General Electric launches data lake service to streamline industry Big Data

GE says the data lake approach will make Big Data collection more efficient and effective for airlines, railroads, hospitals and utilities.

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General Electric has announced the creation of a data lake software approach to make collection and analysis of Big Data more effective for large industry players.

Announced on Monday, the new service is designed to give global industrial customers including airlines, railroads, hospitals and utilities better access to Big Data, as well as improve the analysis and storage of up to petabytes of industrial-strength information.

Created in partnership with platform-as-service (PaaS) provider Pivotal, GE says the data lake approach has a "2,000x" performance improvement on analysis time, which will allow industry players to spend less time and money managing intensive processes and focus more on turning the data into action -- improving supply chains, customer service and operations.

"Big and fast data is a critical piece of how modern industry is reinventing itself in order to innovate and compete," said Paul Maritz, CEO of Pivotal. "The new industrial data lake architecture answers the call for the fast and highly scalable management of the unique industrial big data that is helping global enterprises transform their operations and build a new class of applications."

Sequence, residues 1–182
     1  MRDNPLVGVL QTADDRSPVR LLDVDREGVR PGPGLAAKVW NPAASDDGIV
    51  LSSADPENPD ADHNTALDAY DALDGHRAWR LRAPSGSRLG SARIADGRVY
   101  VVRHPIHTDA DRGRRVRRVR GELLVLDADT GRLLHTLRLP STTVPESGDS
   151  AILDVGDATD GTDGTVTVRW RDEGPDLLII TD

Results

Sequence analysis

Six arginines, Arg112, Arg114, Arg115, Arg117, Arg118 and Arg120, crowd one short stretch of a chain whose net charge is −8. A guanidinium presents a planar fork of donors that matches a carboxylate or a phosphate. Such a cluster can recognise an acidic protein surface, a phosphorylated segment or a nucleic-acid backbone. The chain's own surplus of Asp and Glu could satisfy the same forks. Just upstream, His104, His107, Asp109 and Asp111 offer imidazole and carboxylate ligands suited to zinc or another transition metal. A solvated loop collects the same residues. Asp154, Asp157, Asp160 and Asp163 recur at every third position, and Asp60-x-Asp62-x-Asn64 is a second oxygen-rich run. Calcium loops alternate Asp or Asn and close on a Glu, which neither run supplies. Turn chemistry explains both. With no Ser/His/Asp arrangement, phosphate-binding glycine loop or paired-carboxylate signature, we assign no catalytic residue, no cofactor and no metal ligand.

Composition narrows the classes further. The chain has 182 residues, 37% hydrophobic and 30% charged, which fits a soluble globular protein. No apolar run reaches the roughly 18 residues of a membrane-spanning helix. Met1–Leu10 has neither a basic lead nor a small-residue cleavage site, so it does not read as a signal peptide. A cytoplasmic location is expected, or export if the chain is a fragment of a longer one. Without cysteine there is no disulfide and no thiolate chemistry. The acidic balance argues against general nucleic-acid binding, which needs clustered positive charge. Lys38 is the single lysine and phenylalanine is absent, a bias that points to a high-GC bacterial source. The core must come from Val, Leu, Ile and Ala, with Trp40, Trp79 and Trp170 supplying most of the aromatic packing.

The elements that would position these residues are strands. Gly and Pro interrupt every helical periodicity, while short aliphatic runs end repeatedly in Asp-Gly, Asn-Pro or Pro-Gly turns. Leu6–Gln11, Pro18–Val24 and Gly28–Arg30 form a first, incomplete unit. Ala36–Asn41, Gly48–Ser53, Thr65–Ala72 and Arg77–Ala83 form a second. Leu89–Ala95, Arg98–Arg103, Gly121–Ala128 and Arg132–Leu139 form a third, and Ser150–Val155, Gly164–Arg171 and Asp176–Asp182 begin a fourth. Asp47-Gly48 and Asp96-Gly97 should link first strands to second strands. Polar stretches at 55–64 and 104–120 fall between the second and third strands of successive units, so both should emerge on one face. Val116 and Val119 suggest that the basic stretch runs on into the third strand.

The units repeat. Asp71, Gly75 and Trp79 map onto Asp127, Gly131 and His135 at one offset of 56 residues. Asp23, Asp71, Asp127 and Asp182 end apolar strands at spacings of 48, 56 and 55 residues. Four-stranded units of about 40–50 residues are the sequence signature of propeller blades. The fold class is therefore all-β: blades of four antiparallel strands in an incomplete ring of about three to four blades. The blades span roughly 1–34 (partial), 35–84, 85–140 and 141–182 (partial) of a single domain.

The approach is built on software provided by Pivotal and integrates GE's PredixTM software. These services allow real-time Big Data collection generated by systems such as aircraft, and runs analytics on this data to help companies operate more efficiently. The Connecticut-based firm says that in the case of AirAsia, this technology has resulted in a cost saving of over one percent of the airline's annual fuel bill.

GE is using the new approach to manage and analyze flight data for its customers, including many of the world's largest airlines worldwide. In a 2013 pilot, GE Aviation collected information on 15,000 flights from 25 different airlines at about 14 gigabytes of metrics per flight, and the firm says that by using the data lake approach, it was able to produce measurable cost savings of 10x and significantly reduce analysis time from months to days.

GE expects the data collection to grow to 10 million flights and 1,500TB of flight data by next year.

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